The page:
It seems like filmmaker and visual artist Malena Szlam enters new territory in Altiplano. Now, the deserts and steppes of Atacama, her object of observation, look almost naked, even clearly tactile, graspable, barely transformed, while in her previous work, the sense of abstraction of those subjects of contemplation, (like the moon in Luna Almanac, his 2013 short film, or the fragments of persons and cities in Chronogram of Inexistent Time of 2008) produced a study on light, its matter and absences. Instead, in Altiplano, the day light encounters other way of being grasped, through the textures and a component which Szlam handles to perfection: the superposition and the flicker.

TIFF 2018. WAVELENGTHS: THE TRIAL BY SERGEI LOZNITSA

By Aldo Padilla

Montage declares, before anything, an idea of intentionality, the idea of showing something according to an artistic or communicational intention. When the term “montage” is used in the media, it is generally referred to a trap that seeks to manipulate a segment of society. Governments with a totalitarian tendency are experts in constructing parallel realities, both to reaffirm the loyalty of its followers and to intimidate its opponents. The communicational montages that are built or denounced pretend to hide the root problems of their dubious regimes.

TIFF 2018. WAVELENGTHS: A RETURN BY JAMES EDMOND, TREES DOWN HERE BY BEN RIVERS

By Alonso Castro

Cinema and poetry can be bonded strongly, but such association doesn’t occur gratuitously, and one can’t expect it to happen out of the blue. The cinematographic language has the potential to explore narrative and aesthetically, achieving a harmony between what’s been represented and the representations through symbols or concrete facts.

TIFF 2018. WAVELENGTHS: FALLEN ARCHES, FAINTING SPELLS, WALLED UNWALLED

By Nicolás Carrasco

A few months ago, I had the chance to watch in NY for the first time, a film by Simon Liu. Projected in four 16mm projectors, Highview (2017), impressed me for its capacity of formally combining two concepts that refer back to, for example, Mekas, but with a completely different language. Liu’s work, if well could be identified with any of those “styles”, explores its own roads, completely unseen and singular.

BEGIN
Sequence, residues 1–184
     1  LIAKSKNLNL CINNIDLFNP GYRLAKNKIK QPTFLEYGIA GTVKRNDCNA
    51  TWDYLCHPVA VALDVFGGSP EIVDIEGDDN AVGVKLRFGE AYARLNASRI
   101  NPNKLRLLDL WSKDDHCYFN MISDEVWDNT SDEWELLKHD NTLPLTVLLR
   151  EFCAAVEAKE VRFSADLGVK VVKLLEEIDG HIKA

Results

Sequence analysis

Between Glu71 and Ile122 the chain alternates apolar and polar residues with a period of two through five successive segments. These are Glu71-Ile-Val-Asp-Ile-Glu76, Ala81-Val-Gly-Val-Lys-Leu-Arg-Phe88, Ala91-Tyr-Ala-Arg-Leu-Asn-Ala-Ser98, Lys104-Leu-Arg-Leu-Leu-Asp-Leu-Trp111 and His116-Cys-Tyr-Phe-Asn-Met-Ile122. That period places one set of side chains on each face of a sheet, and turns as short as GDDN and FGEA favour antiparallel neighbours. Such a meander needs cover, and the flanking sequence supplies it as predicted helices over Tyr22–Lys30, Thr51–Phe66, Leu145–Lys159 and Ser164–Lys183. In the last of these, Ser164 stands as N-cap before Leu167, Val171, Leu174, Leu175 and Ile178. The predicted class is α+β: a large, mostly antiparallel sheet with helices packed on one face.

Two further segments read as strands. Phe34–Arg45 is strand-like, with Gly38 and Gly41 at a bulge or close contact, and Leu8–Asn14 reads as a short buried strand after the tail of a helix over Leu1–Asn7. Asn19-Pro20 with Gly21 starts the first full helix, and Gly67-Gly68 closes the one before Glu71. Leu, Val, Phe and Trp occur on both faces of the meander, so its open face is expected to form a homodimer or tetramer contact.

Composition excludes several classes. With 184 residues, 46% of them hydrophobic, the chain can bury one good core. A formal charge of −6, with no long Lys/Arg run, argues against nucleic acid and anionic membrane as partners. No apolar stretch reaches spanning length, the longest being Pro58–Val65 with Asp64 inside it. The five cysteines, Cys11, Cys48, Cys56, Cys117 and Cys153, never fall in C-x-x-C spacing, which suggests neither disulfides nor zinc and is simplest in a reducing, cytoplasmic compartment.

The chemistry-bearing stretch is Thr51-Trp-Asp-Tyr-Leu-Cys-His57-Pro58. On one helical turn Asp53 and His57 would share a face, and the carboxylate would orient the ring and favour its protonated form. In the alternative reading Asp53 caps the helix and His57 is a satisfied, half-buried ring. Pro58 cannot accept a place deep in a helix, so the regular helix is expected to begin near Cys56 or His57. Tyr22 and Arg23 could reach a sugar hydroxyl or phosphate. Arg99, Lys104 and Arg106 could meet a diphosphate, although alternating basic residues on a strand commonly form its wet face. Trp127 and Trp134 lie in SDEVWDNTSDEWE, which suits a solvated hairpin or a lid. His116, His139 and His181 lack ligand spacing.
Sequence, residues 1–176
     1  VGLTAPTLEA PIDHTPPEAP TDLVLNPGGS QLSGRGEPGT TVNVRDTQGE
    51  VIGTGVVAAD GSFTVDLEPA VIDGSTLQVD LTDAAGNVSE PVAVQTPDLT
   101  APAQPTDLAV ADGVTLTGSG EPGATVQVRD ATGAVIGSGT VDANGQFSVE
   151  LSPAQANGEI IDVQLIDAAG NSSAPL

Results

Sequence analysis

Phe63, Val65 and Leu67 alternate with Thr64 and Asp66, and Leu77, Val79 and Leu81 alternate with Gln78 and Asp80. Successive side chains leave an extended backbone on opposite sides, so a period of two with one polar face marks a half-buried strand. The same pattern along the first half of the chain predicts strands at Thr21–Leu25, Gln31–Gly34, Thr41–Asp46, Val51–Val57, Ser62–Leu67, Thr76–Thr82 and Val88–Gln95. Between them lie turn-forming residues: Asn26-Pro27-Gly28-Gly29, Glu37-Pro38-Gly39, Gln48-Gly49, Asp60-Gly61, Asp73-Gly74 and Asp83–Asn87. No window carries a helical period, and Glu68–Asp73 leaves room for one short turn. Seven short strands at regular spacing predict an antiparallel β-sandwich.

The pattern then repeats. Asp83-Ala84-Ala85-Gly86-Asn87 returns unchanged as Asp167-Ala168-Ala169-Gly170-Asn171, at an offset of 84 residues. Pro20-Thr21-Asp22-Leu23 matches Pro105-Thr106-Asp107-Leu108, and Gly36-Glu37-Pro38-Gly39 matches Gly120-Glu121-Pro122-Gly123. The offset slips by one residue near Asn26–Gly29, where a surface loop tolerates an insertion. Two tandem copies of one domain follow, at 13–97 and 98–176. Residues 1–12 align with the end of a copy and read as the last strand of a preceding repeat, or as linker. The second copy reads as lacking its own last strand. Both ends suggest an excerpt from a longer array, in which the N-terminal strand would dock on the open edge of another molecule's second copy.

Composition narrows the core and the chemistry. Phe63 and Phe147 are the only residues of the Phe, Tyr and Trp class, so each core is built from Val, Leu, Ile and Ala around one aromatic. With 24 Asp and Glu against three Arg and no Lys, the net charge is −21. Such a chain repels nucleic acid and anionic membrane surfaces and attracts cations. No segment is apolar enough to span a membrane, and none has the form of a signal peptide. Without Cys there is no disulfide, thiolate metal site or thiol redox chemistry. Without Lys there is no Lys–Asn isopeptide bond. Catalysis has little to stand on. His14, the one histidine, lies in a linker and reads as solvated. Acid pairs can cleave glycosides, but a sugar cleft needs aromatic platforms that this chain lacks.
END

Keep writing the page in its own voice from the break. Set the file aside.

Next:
TIFF 2018. WAVELENGTHS: POLLY ONE BY KEVIN JEROME JEFFERSON

By Mónica Delgado

Unlike other experimental filmmakers that have shown a fascination for the eclipse as a metaphor of the auscultation of cinematographic support in in its materiality (a reality superimposed to another, like the position of the stars), in Polly One, Kevin Jerome Everson captures the intensity itself of this phenomena of the skies to take it to the possibility to become real spectators of an event of this nature that it’s barely intervened.

TIFF 2018. WAVELENGTHS: ADA KALEH BY HELENA WITTMANN AND SIRA BY ROLLA TAHIR

By Aldo Padilla

The history of the extinct island of Ada Kaleh reminds us of the background story of Jia Zhang-Ke’s Still life: a hydroelectric plant whose construction destroys the surrounding towns, with the excuse of the unlimited need for energy. The case of this Turkish island had a similar fate with its disappearance during the 70’s. The idea of ??a ghost or a submerged island is represented by Wittman in the beginning of her short film with a wall where the humidity has left traces of a kind of map with the remains of paint that cling to the surface, while a mandarin voice talks about people in search of territory in a poem. The invented map of an imaginary island, the pccult map of a submerged island, with people floating in its nonexistence, a map that seems to show countries that do not welcome the wondering ghosts, because they cannot be determined.